How do you intend to build long-lasting future relationships with clients as the newest BDM at LendInvest?
I feel that the best way to forge strong relationships with my brokers is for them to see me as an additional member of their own team, someone they can turn to quickly and get a straight answer from.
When it comes to specialist finance in particular, it’s all about education. We are finding that brokers are seeing more and more quirky cases that they need help and support with. There are a lot of specialist lenders out in the market, so it is really important for my brokers to know and understand our criteria and how we fit in the specialist market.
What would you regard as the most important role of a BDM?
I would say there are a few points to this. One is to strengthen the brand of the company you are representing, while also educating the broker around your criteria and talking them through the kind of cases that typically fit, and those that don’t.
It’s also important to know your competition and where you fit within the market. This allows you to ensure that what you’re offering is the most appropriate for the broker’s client. I truly believe that in knowing your competition, even if a case doesn't fit with the company you are working for, directing your broker to a competitor where it will, is a really helpful thing to do for a broker.
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Kunal Mehta, managing director at SDKA, believes that combining the roles of an underwriter and BDM is more efficient and helps to build a relationship with clients. Do you agree with this?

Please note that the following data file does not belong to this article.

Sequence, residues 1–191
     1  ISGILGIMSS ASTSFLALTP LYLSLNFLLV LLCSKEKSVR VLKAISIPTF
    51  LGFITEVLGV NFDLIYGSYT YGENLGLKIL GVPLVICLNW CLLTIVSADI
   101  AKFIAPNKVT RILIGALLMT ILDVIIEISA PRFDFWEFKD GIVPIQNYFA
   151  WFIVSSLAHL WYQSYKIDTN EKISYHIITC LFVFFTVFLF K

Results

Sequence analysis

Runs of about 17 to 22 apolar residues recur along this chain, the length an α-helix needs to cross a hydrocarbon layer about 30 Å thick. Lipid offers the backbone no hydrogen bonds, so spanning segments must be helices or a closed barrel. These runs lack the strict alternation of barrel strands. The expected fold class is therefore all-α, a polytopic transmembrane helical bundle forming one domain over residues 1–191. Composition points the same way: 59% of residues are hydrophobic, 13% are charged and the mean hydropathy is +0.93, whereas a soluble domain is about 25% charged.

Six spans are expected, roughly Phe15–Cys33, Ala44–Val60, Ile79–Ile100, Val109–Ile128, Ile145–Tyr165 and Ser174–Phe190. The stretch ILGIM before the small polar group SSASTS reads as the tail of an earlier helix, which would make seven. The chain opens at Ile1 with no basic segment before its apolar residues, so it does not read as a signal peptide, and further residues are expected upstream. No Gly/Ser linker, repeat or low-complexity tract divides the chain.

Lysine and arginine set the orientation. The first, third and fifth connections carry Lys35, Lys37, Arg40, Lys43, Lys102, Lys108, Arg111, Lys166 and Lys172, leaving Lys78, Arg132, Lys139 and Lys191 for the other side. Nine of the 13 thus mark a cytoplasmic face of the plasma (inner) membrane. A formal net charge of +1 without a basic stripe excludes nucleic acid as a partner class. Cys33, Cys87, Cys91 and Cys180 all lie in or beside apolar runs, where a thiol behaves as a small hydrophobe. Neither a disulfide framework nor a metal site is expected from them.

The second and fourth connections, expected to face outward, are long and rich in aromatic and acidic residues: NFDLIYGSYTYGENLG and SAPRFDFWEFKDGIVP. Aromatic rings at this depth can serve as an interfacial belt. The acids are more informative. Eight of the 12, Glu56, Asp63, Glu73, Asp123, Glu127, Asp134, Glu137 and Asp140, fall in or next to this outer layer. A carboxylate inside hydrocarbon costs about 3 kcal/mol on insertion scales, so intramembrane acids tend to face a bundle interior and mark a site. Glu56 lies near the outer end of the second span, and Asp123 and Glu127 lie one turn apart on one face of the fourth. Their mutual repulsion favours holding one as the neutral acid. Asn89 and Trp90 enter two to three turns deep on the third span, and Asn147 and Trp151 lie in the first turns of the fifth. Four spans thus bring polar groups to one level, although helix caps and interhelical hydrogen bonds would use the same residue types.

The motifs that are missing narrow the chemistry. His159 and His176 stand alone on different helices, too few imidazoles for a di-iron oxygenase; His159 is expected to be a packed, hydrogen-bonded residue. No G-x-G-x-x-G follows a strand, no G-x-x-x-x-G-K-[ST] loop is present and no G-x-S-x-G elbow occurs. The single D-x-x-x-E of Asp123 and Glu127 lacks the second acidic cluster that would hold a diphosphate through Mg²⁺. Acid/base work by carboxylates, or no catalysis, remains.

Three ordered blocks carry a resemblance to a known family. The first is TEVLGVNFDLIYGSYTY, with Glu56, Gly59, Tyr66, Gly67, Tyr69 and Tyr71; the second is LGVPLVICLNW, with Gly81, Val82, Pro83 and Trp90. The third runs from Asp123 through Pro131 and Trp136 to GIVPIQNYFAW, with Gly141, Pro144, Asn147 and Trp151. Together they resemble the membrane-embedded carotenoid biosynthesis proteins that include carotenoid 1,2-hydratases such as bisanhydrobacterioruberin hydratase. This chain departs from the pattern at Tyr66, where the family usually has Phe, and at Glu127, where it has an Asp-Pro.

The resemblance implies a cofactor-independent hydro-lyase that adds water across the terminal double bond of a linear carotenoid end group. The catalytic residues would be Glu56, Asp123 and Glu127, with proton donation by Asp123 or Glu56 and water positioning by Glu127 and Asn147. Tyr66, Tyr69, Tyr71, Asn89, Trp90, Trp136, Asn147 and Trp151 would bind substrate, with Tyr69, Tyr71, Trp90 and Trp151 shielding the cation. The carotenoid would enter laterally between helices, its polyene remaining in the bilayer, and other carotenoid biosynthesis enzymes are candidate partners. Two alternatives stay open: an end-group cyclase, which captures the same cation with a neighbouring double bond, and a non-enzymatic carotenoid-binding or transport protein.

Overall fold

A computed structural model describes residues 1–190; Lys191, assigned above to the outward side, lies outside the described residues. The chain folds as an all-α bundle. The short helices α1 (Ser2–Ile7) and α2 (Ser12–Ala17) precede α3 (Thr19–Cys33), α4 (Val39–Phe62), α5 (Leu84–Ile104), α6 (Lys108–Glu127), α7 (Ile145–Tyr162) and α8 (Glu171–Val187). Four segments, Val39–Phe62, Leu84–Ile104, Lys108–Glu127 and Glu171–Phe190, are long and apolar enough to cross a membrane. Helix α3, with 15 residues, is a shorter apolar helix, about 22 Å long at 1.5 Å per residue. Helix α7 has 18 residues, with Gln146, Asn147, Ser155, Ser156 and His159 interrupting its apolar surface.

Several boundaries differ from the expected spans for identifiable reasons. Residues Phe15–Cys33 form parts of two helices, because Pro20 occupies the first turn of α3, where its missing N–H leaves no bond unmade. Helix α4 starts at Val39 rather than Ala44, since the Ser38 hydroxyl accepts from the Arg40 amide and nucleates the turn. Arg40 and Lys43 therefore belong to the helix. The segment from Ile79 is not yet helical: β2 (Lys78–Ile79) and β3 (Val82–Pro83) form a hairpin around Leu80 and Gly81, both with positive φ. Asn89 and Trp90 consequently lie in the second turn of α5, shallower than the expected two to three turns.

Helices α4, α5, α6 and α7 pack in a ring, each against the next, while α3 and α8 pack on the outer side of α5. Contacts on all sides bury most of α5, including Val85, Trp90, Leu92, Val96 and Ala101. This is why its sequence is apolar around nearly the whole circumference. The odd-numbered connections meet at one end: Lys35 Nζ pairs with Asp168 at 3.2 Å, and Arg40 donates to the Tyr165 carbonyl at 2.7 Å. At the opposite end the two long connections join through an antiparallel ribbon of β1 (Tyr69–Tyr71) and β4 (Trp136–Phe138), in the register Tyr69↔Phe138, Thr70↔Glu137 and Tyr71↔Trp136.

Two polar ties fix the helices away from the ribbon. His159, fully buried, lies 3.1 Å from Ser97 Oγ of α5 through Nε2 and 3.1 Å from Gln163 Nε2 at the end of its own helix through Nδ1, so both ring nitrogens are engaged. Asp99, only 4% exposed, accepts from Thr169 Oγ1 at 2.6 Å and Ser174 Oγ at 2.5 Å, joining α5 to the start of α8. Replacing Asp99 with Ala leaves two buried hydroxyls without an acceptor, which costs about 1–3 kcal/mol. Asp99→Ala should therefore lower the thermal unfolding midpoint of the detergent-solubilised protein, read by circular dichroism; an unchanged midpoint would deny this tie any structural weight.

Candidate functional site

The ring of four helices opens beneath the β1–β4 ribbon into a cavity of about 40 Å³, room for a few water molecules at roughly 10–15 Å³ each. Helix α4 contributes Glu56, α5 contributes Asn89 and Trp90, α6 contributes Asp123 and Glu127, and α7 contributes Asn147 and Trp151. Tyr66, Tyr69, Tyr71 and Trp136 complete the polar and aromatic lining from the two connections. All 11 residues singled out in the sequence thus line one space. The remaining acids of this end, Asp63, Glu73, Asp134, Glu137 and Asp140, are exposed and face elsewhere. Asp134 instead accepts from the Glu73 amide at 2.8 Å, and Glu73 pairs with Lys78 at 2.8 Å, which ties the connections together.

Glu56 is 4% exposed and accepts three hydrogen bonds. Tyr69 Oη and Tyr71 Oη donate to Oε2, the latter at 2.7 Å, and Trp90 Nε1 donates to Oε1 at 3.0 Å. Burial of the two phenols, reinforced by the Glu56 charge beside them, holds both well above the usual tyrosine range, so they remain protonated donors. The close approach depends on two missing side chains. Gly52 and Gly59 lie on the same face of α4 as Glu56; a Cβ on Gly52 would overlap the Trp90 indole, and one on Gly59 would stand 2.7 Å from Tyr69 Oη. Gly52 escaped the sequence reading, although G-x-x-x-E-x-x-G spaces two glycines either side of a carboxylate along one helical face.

I would agree with this, and I do think this is happening already with a couple of key BDMs out in the field.
Like I said previously, when it comes to specialist products, it’s about education, and you should assess a potential case just as an underwriter would. You need to have the confidence to say ‘no’ to a case if you know you’re not going to have an appetite to lend on it. I think it's key for any BDM to have a strong relationship with the underwriting team and gain valuable insight on how they assess cases. This then can be passed on to your broker network, so they too can have an understanding of which cases fit and which don't.
How did you get into the industry?
I took on my first banking job at the age of 16. I worked my way up through various roles within the banking network and gained my FPC and CeMAP qualifications in 2000.
Since then, I have worked in a variety of roles within the industry, including working as a broker in both wealth management and mortgages. I have worked in specialist lending specifically for 10 years now and haven't looked back.
If you didn’t work in finance, what would you be doing?
I would be a dog walker — which is what I do with most of my spare time anyway!